Long story short, one of my very most favorite great-uncles played a trick on me and two of my cousins when we were camping many years ago. The trick was heavily influenced by our love of, and fascination with, that most interesting of all fluids . . .
(Long story long, you can skip to the end of the post, where I've printed the story in its entirety, more for my own personal family history than for any other reason.)
Interestingly enough, as these photos of my niece demonstrate, this fascination and love is alive and well in the next generation.
The Story of Uncle Scott and the Pine Gum
-written by Charlotte Corry, July 2001
I was probably somewhere between the ages of ten and fourteen years old, and I was at the Corry reunion again. I spent most of my time at these reunions hanging around with two cousins my age, Julie, and Michelle. We would roam all around the camp, pretending we were this or that, and having a great time. One thing that particularly interested us were the many pine trees in the camp. We would get little cups, and go around taking the sap from the tree trunks and adding it to our cups.
At some point, Uncle Scott noticed us, and told us he could teach us how to make chewing gum out of the pine sap. We were all ears, and all eyes, as he demonstrated. First he took a goodly amount of pine sap, put it in a water-filled container, and boiled it over the fire for a little while. Then (and he did this extremely quickly), he took the sap out of the container, popped it in his mouth, chewed it furiously, and the next thing we knew, he was pulling a string of white gum out of his mouth--gum that looked very much like the kind you would buy at any convenience store.
Well, we were VERY excited! We immediately went out to gather the cleanest pine sap that we could find. We came back, and Uncle Scott supervised us as we boiled it in water, just as he had. When he finally said that it was ready, Michelle and I popped it in our mouths (Julie had braces at the time, and so wasn’t able to join us in this part), and began to chew furiously, wondering how long it would be until we had white spearmint-flavored gum as well. The pine gum was AWFUL--at least as awful as you might expect pine gum to be. It stuck to our teeth, and ingrained its flavor into our tongue, and still we chewed and chewed, checking every minute or so to see if it was changing its properties. To our dismay, the gum stayed the same dirty yellow color, with the same piney-awful flavor. Had we not seen Uncle Scott’s performance earlier, we surely would have started to doubt--but we couldn’t deny that we had SEEN this method work, less than an hour previous.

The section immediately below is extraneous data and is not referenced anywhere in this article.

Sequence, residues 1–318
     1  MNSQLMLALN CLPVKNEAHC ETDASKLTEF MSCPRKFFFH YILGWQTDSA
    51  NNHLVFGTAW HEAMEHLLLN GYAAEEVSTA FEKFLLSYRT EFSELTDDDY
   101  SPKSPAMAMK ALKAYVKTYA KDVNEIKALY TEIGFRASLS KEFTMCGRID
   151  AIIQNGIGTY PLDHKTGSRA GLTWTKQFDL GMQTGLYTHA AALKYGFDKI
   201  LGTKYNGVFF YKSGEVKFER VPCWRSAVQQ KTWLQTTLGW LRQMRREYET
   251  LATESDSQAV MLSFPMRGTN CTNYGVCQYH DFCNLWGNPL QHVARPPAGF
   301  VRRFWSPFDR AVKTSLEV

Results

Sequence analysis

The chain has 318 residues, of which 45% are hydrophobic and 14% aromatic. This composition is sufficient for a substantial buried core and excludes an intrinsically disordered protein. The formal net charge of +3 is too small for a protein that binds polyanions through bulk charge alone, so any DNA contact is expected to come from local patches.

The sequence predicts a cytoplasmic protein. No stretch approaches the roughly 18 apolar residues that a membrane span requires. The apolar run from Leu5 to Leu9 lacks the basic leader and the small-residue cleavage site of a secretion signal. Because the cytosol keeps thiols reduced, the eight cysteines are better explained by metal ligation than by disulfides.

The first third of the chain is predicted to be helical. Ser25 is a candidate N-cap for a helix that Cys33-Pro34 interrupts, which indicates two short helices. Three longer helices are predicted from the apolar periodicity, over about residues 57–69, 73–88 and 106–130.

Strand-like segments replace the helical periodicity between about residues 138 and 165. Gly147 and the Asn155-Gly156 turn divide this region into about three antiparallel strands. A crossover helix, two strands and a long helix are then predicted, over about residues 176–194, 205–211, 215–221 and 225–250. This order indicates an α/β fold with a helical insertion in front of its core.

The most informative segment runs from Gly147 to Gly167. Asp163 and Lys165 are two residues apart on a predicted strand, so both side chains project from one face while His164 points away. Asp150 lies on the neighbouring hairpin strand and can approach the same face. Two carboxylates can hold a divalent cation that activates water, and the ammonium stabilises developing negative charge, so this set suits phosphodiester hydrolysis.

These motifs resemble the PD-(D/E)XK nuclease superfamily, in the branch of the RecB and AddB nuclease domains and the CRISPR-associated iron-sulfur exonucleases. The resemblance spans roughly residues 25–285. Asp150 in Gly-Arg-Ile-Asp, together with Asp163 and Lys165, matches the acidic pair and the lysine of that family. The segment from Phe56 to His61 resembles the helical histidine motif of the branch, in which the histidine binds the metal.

I don’t remember how long Uncle Scott let us carry on in this matter--it seems like it was quite a long time, but finally, he pulled us aside, and told us of his secret. He had hidden a little piece of Wrigley’s Spearmint gum in a corner of his cheek, and exchanged that for the pine sap during his little demonstration. Of course, our gum would NEVER turn to spearmint gum, any more than his had.
Upon hearing this, Michelle and I immediately spit out the pine gum, and tried to do whatever we could to get the taste out of our mouths (nothing worked, and I had the unpleasant sensation of pine gum in my mouth for several more days). Julie, who had originally felt very disappointed that she hadn’t been able to chew the gum with us, spent a fair amount of time giving us good-natured ribbing about the whole situation. And Uncle Scott? He just laughed and laughed. In later years, whenever he and I would start to reminisce about past reunions and past experiences, I would throw that one up at him, and tease him about what a mean trick that was to play on three trusting nieces. He would get a mischievous smile on his face, and begin to laugh until (often) tears would come out of his eyes as he would describe those little girls, chewing and chewing that nasty gum.